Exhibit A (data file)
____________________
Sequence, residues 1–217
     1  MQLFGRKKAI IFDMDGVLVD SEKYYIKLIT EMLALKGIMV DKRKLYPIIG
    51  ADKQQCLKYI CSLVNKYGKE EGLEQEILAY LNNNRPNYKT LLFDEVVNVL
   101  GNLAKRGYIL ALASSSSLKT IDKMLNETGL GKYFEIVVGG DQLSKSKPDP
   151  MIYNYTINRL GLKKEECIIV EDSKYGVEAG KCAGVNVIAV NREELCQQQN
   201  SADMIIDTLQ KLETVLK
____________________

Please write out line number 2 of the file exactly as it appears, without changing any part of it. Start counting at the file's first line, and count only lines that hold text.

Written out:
     1  MQLFGRKKAI IFDMDGVLVD SEKYYIKLIT EMLALKGIMV DKRKLYPIIG